Next Steps: Share an Online National Database of Hospital Costs
NASHP is interested in sharing (and regularly updating) the data set it created with Rice University on NASHP’s website to make it is accessible to states. To ensure the online database is useful to states and other health care purchasers, it should be searchable and include interactive features that allow users to create customized comparison charts, etc. Further, using the most recent data available (by a certain month, to be determined, in 2021), NASHP wants to create standardized reports for each state and Washington, DC that provide information through charts and graphs on hospital cost trends in their states that include national benchmarks.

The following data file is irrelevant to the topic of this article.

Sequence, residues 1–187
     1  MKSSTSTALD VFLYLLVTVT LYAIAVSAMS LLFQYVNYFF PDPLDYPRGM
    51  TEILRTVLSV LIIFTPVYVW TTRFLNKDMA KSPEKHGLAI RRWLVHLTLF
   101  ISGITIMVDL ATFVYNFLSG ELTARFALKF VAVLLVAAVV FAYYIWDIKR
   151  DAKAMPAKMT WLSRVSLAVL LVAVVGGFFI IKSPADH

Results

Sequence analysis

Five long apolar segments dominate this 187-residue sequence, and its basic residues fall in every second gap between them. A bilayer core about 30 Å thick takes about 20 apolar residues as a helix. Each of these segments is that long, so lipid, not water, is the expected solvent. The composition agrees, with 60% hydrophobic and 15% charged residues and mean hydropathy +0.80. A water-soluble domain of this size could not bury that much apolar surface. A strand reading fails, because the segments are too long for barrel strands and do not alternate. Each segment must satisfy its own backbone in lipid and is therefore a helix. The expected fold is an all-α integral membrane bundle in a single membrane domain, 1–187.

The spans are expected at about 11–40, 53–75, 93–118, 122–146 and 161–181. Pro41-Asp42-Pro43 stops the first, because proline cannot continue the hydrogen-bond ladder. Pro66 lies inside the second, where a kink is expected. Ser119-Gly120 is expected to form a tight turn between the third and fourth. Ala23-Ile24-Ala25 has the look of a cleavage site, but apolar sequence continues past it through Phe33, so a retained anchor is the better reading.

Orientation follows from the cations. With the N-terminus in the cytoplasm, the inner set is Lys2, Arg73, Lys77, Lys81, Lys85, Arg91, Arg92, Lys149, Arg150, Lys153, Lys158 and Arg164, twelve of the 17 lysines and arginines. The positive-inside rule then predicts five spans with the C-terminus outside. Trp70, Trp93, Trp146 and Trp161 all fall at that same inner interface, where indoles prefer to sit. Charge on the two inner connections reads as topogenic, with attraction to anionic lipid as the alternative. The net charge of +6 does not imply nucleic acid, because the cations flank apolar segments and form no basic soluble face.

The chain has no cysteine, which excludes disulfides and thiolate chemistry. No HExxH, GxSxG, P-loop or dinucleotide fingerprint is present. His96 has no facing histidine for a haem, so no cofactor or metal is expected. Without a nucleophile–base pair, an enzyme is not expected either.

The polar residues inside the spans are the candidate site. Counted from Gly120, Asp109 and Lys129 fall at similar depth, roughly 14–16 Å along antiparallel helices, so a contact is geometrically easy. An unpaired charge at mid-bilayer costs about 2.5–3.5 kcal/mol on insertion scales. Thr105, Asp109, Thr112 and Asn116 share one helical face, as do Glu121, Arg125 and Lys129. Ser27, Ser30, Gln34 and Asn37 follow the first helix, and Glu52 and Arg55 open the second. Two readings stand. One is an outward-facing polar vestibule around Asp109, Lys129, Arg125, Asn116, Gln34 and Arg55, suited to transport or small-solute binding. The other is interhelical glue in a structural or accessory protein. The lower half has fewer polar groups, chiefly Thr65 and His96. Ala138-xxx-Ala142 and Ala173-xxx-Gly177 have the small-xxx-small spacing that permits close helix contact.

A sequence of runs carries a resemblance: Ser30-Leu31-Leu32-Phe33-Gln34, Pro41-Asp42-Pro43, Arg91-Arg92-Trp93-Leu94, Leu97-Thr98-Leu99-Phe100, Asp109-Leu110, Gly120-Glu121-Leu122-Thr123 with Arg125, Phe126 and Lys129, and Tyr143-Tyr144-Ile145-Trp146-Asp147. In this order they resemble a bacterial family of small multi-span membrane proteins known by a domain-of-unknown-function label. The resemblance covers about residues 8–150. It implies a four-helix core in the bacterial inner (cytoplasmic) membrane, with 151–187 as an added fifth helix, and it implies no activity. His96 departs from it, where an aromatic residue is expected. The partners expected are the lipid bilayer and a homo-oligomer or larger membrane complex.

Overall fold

While NASHP will continue to work with Rice University to update the data set using its evolving tool and the strata code already developed, the online data set needs to easily allow such updates. NASHP is seeking to contract with one or more entities that can advise NASHP on the best way to present this large data set online and make it as useful as possible to its core audience of state policymakers. NASHP is seeking expertise in organizing and presenting complex data sets online that can be manipulated by users with differing needs without making changes to the original data set. Please consider that NASHP wants flexibility built into the online data set to allow for quarterly updates, which is the frequency that the HCRIS data base is updated. Also, over time NASHP will likely expand the tool with additional data points as states need more information and/or as the MCR evolves. It also anticipates adding information from future resources, e.g., Rand 4.0. NASHP is also seeking help to develop and create easy-to-understand state reports with graphs, charts, and other visual representations of the data to offer a snapshot of hospital costs for each state. NASHP recognizes that the skills needed for this project may require contracting with two different entities – one with expertise in creating large online data sets and another with the graphics knowledge to create informative, visual reports. We are open to contracting with one or multiple parties to complete the work.